During this timely session, attendees will:

  • Understand how utilities were prepared for this kind of disruption.
  • Learn how utilities will change their preparation for future natural disasters.
  • Identify the role of the regulator in these circumstances—before, during, and after.
  • Discuss expectations of consumers.

Moderator: Hon. Ron Brise, Florida


Hon. Jeremy Oden, Alabama

Stephanie Brand, Director, NJ Division of Rate Counsel

Calvin Butler,Jr., CEO, Baltimore Gas & Electric

Joy Ditto, President and CEO, Utilities Technology Council

Christopher Franklin, President and CEO, Aqua America and NAWC Chairman

Pierce Norton, CEO of OneGas and AGA Board chairman


Remarks by:

M. Granger Morganthe Hamerschlag University Professor of Engineering at Carnegie Mellon University.  He holds appointments in three academic units: the Department of Engineering and Public Policy; the Department of Electrical and Computer Engineering; and the H. John Heinz III College. 

He currently chairs the Committee on Enhancing the Resilience of the Nation’s Electric Power Transmission and Distribution System. 

Enhancing the Resilience of the Nation's Electricity System


9:30 a.m. - 9:45 a.m. Networking Break : Holiday Foyer
9:45 a.m. - 10:45 a.m.

Mother Nature The Ultimate Disrupter! Continued

(See the description above.)

Location: Key 2
11:00 a.m. – 12:00 p.m. A3

Weathering the Storm: Communications Network Resilience

Hurricanes Katrina and Rita, Superstorm Sandy, and the Derecho taught us many lessons. Changes in response time, resilience measures to the network, and mutual assistance procedures were just a few measures examined in some regions.  During this session, regulators will discuss how measures implemented from previous experiences impacted recent restoration efforts and timelines and what lessons were learned this time around.  


Moderator: Hon. Julie Brown, Florida


Hon. John Clendenin, Virgin Islands

Hon. Mary-Anna Holden, New Jersey

Hon. Gregg Sayre, New York

Hon. DeAnn Walker, Texas

Hon. Stan Wise, Georgia

Location: Key 7
11:00 a.m. – 12:00 p.m. A4

The Battle for Peak Capacity: Batteries vs. Gas

The United States electric grid is expected to need more peaking capacity resources, both to replace retiring units and to integrate higher levels of variable generation. Natural gas-fired power plants are the dominant technology providing peaking capacity. But for how long? Rapid and significant cost declines in battery energy storage have some proponents arguing that it can substitute for the gas peaking equipment. This session will debate whether battery storage can really compete with gas peakers.

Through an interactive Jeopardy-style experience, attendees will:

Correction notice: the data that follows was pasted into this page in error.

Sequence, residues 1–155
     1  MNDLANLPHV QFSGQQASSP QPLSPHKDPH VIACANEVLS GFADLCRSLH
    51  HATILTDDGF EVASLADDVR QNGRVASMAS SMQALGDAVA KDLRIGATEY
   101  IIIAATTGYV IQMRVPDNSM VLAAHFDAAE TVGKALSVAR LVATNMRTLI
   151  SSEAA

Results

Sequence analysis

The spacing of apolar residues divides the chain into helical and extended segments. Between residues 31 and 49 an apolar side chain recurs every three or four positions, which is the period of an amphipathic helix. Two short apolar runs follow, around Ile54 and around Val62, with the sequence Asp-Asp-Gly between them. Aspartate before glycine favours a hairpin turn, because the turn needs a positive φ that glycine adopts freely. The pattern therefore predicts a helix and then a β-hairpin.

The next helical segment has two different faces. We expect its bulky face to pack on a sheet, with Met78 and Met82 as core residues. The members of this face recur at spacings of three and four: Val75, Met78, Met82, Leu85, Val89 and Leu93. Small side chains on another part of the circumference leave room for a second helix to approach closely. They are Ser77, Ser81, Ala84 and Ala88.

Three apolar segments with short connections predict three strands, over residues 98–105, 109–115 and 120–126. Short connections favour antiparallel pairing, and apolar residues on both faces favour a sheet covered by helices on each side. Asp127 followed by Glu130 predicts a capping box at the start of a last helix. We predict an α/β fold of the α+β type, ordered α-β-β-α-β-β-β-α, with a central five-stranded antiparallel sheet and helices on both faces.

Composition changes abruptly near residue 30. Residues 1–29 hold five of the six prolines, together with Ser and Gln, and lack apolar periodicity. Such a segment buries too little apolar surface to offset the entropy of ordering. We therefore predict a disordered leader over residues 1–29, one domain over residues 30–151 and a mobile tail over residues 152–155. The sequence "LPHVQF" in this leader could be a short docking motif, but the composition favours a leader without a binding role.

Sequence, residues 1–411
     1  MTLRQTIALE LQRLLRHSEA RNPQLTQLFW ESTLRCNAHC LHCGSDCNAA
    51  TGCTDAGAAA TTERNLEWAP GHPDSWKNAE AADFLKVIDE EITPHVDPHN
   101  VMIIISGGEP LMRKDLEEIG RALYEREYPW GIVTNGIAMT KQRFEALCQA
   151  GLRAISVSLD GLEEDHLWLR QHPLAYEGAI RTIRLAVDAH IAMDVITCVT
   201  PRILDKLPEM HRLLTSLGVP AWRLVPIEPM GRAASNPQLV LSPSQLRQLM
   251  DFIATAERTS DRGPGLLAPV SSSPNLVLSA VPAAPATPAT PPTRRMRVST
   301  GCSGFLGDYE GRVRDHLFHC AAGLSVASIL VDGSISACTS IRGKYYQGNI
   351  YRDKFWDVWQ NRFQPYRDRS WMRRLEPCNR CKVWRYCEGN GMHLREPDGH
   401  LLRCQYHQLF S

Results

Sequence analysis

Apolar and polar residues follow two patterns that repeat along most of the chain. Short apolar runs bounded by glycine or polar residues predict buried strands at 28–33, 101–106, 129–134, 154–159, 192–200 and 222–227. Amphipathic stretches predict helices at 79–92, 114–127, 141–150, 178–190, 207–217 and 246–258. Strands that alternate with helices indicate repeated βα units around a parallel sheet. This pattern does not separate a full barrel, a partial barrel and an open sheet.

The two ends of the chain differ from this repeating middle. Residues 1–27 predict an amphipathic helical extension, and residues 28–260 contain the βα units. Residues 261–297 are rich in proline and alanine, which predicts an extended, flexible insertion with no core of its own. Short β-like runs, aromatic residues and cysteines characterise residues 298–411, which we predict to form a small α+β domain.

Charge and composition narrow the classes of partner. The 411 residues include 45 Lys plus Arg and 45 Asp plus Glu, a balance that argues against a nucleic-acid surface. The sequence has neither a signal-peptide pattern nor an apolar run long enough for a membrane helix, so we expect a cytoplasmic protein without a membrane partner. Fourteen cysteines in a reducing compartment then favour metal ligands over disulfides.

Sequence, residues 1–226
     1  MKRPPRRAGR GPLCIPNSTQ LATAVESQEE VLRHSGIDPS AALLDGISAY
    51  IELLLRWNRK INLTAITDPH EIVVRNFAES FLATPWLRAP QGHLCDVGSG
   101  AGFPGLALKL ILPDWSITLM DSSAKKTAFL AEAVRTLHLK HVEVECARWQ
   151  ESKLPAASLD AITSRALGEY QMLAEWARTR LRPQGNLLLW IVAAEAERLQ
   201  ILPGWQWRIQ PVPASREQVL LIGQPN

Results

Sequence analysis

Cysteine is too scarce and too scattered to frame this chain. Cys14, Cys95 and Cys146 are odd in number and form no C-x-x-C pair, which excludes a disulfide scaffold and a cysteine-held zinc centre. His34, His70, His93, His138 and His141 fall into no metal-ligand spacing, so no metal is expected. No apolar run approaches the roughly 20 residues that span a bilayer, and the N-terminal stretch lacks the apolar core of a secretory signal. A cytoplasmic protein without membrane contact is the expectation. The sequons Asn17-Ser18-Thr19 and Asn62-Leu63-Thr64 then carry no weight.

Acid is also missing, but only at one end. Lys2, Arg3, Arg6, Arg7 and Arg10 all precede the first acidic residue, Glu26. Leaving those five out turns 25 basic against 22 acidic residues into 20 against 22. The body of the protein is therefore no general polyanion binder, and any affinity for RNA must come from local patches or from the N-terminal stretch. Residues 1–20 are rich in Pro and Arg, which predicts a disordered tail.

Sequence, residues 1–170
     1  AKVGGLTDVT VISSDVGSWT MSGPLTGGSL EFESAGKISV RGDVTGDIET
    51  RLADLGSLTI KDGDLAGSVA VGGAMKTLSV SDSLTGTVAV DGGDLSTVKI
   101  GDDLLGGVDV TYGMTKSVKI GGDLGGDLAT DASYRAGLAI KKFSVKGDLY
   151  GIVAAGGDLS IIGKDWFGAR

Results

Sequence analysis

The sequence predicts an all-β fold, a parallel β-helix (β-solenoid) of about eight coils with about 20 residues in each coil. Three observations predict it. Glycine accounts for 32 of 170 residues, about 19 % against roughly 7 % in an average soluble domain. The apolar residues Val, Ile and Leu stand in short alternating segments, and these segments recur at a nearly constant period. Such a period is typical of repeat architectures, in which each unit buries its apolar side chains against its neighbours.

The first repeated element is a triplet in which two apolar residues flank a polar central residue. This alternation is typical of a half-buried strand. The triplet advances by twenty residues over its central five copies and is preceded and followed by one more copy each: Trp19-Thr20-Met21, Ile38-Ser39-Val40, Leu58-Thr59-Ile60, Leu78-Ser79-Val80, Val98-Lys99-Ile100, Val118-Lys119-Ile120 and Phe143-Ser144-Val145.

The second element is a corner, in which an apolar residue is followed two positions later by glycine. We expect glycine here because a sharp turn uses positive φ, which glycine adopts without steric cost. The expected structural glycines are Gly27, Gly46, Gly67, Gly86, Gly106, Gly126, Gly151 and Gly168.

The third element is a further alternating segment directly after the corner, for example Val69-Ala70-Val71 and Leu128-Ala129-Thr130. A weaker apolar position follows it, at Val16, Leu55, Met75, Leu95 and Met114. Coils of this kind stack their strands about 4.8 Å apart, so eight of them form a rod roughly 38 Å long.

• Learn innovative ways regulators are approaching planning and procurement of new peaking capacity.
  • Learn what the benefits are (if any) to consumers.


Moderator: Hon. Ted Thomas, Arkansas


Mikael Backman, Regional Director, North America, Energy Solutions, Wartsila Corporation

Praveen Kathpal, Vice President, AES Energy Storage

Chris Villarreal, President, Plugged-In Strategies

Location: Key 12
11:00 a.m. – 12:00 p.m. A5

From the Joneses to the Jetsons! Smart Communities and Infrastructure

If communities are getting “smarter,” regulators must stay ahead of the curve. Utilities are investing in a smarter electric grid that benefits customers and are working on projects in ‘smart communities’ to establish programs to bring more resilient and sustainable options to customers. As the smart technologies advance, industry, stakeholders, regulators, and policymakers should be on the same page.

Attendees will participate in a dynamic discussion that will address:

  • How 'smart communities' are defined and how the emerging technologies will affect utility customers.
  • What regulators may see in future proceedings and what investments utilities are making.
  • Stakeholder perspectives on how ratepayers may be affected, along with privacy and cyber concerns.
  • How financing these new programs will affect ratepayers in the near and far terms.
  • Benchmarks and metrics to assess performance.


Moderator: Hon. Odogwu Linton, Maryland


Donna Cooper, President, Pepco Region for PHI

Brigham A. McCown, Nouveau, Inc

Michael Murray, President, Mission:data

David Owens, Retired Executive Vice President, Edison Electric Institute

Russ Vanos, VP Global Software, Services & Smart Cities, ITRON

Location: Key 2
1:45 p.m. – 2:45 p.m. B1

Power to the Market

The need for traditional sources of baseload electricity has taken the spotlight recently, particularly with the Department of Energy’s filing of a Notice of Proposed Rulemaking directing FERC to "accurately price generation resources necessary to maintain reliability and resiliency." Because coal and nuclear generate half of the nation’s electricity, some believe that these sources are necessary to ensure grid reliability, resilience and fuel diversity.  Others believe the concept of baseload is outmoded and challenge the need to modify the rules or market.  What is not in dispute is the large amount of traditional baseload generating capacity that has retired with more on the horizon.  This panel will discuss: the future role of coal and nuclear; whether reliability and resiliency are being valued now and if not, whether they should be; what attributes should be valued; and what changes, if any, are needed to ensure just and reasonable rates?